Time to market women’s cricket as a stand-alone product?
In the last ten months, the world has witnessed two magnificent women’s sporting events – the Women’s Football World Cup in June 2019 and the Women’s T20 cricket World Cup in February 2020. Post-that, two significant things happened in women’s sport.
The US Soccer Federation made an absurd statement in the lawsuit that has been filed by the US Women’s National Team against the USSF on the grounds of gender discrimination in their pay. The USSF denied paying equally. It said that the male players carry more responsibility than that of the female as they face more fan hostility, and this is evidence of substantially different jobs under the Equal pay act. It went on to say, “The job of Men’s National Team requires a higher level of skill-based on speed and strength than does the job of WNT player.”
Such was the treatment towards a team, which is the most successful one in women’s soccer winning four World Cups, four Olympic golds and eight CONCACAF Gold Cups. The comment came after a victorious World Cup campaign in 2019, which generated nearly 100 million US dollars in US TV ads, according to the Wall Street journal. The USSF received immense backlash for its statement that they had to apologise the very next day.
Women’s cricket – a separate event?
The other important news came in early April when The Telegraph reported that the International Cricket Council is considering splitting the rights for the Women’s global tournaments. This possible decision is coming on the back of the success of the latest edition of Women’s T20 World Cup that broke all broadcasting records for a women’s cricket tournament.
The ICC’s tournaments current broadcasting rights lies with Star India and Star Middle East till 2023. The deal was signed in 2014 for eight years that covered 18 ICC tournaments including both men’s and women’s. Until now, the women’s tournament has been a part of the package with the men’s tournament. After the success of the Women’s T20 World Cup, ICC is considering to uncouple women’s tournament in the next eight-year cycle.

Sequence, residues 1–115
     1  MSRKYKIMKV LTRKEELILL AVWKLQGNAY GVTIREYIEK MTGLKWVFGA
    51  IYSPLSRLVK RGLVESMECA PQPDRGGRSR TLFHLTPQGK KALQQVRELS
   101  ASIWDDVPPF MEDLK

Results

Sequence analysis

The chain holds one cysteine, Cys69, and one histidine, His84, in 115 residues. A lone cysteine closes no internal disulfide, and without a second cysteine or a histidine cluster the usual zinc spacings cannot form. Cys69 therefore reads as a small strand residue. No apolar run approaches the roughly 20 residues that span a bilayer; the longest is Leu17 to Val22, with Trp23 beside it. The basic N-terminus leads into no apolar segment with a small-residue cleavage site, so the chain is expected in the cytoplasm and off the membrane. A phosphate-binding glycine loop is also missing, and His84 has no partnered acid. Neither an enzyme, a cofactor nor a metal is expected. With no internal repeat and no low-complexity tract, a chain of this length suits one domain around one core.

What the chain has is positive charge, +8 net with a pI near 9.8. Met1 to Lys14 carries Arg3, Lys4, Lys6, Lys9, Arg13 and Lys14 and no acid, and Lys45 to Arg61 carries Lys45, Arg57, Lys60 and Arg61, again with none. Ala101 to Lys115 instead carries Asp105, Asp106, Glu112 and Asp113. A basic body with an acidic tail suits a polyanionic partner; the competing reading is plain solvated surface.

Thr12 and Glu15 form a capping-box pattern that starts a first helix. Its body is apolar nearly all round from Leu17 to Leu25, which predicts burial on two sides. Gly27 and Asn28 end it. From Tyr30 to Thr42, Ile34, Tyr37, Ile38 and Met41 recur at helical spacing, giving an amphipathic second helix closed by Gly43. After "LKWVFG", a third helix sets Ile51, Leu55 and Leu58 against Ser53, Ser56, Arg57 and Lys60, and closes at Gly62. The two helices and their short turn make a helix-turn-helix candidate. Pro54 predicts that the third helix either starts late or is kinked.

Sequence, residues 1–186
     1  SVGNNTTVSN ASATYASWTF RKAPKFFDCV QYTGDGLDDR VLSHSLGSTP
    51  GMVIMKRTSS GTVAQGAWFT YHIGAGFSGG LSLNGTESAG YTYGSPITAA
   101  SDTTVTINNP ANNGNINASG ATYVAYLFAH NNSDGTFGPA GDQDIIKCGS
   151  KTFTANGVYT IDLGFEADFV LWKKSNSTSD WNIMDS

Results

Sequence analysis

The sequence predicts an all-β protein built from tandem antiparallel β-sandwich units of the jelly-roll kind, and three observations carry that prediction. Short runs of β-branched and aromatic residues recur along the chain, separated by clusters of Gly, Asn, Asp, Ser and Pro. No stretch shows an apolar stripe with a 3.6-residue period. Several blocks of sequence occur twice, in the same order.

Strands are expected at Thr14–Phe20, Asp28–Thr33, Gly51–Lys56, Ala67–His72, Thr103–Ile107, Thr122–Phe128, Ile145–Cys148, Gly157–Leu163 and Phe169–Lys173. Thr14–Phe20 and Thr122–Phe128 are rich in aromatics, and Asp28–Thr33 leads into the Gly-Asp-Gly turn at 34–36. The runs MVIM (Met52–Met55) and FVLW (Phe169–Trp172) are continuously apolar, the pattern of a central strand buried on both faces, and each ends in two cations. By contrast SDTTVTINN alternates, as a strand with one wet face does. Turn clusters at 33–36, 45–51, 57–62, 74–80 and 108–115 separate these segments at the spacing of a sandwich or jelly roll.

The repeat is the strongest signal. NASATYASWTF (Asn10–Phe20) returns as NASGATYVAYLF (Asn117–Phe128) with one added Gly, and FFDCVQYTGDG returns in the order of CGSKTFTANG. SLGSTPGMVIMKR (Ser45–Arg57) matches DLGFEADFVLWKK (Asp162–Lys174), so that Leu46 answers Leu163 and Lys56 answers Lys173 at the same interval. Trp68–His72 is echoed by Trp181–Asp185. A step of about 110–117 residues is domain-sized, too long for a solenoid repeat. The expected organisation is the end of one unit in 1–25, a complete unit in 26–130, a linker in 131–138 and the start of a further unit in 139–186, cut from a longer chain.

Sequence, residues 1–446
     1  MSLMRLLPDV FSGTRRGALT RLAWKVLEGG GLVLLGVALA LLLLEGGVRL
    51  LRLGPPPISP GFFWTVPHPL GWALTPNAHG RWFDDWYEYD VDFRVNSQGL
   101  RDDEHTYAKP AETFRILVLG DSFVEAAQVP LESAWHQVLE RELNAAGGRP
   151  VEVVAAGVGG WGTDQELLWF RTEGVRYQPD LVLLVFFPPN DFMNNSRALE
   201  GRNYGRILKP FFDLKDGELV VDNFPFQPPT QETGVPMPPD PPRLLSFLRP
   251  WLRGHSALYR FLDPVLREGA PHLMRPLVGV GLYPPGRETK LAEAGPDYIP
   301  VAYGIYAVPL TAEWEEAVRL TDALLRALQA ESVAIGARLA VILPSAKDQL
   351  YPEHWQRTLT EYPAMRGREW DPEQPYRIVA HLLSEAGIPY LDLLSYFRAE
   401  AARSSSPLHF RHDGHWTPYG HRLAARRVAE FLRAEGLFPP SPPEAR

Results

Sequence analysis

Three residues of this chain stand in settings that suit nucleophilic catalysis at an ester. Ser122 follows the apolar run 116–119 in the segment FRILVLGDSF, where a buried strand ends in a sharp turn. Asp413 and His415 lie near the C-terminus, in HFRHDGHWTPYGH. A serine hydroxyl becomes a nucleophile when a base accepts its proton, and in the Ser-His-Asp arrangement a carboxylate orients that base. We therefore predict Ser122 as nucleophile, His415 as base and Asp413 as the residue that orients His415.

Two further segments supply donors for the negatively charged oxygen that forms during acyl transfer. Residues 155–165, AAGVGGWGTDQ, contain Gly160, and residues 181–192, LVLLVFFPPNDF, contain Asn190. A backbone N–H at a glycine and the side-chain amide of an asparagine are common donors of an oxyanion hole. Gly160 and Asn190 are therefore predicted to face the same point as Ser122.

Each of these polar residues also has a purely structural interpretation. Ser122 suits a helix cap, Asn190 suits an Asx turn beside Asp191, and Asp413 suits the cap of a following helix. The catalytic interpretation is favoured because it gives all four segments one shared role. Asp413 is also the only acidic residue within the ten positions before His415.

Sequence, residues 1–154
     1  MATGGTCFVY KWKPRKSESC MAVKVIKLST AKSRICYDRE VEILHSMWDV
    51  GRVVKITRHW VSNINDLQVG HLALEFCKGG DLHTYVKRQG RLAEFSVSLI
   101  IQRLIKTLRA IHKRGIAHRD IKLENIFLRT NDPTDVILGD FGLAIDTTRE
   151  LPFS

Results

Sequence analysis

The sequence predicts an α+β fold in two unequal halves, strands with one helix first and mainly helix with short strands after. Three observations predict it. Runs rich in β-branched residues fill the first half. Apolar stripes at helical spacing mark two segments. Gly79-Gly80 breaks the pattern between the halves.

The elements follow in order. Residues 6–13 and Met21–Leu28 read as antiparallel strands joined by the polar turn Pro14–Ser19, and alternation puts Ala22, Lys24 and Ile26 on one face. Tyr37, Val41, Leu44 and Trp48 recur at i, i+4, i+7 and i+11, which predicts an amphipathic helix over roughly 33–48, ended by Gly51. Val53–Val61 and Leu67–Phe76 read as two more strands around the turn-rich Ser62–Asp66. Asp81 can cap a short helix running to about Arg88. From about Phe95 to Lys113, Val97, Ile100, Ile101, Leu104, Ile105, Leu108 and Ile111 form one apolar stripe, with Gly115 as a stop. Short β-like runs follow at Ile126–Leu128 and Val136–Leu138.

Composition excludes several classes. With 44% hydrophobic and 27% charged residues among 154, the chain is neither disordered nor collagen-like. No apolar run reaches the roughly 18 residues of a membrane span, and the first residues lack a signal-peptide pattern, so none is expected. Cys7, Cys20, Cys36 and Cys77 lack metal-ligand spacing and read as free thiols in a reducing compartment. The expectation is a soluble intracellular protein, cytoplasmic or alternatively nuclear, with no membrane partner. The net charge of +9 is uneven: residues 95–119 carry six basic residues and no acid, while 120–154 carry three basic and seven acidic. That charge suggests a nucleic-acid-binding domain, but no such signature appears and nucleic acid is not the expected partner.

Manu Sawhney, the Chief Executive of the ICC, told Telegraph Sport that there is a clear opportunity here for the sport and they are currently exploring various options to optimise value generation including the unbundling of women’s rights. “All of our data points over the last three years have shown us that fans are interested in women’s cricket. Our global market research shows that 70 per cent of our one billion plus fans want to see more women’s cricket,” he said.
Sawhney was not exaggerating. The latest edition of Women’s T20 World Cup broke all viewership records for women’s cricket. It was the most-watched women’s cricket event with more than 1.1 billion video views across ICC digital platforms. The crowd attendance for the final (86174) was the second-highest for any women’s sporting event. In India, the average viewership for the final was 9.02 million, which was 154 percent more than that of the tournament opener that had generated the second-highest numbers.
Rise of women’s cricket
The growth of women’s cricket in the last three years is staggering. The 2017 One Day International World Cup was the breaking point. Until the 2017 World Cup qualifiers, the broadcasting was done on the ICC social media platforms. The coverage and highlights from the event generated 17.8 million views online. The success of that tournament broke grounds and led to a series of significant decisions in women’s cricket.
In 2018, for the first time in the tournament history, ICC conducted Women’s T20 World Cup in West Indies as a standalone event. Expectedly, the viewership took a hit. However, it was a worthy experiment to look at women’s cricket as a separate event. In 2020, the event was co-ordinated and marketed perfectly by both the ICC and the host country, Australia. Australia’s strong domestic base for women’s cricket along with the Women’s Big Bash League played a crucial role.
Possible pros and cons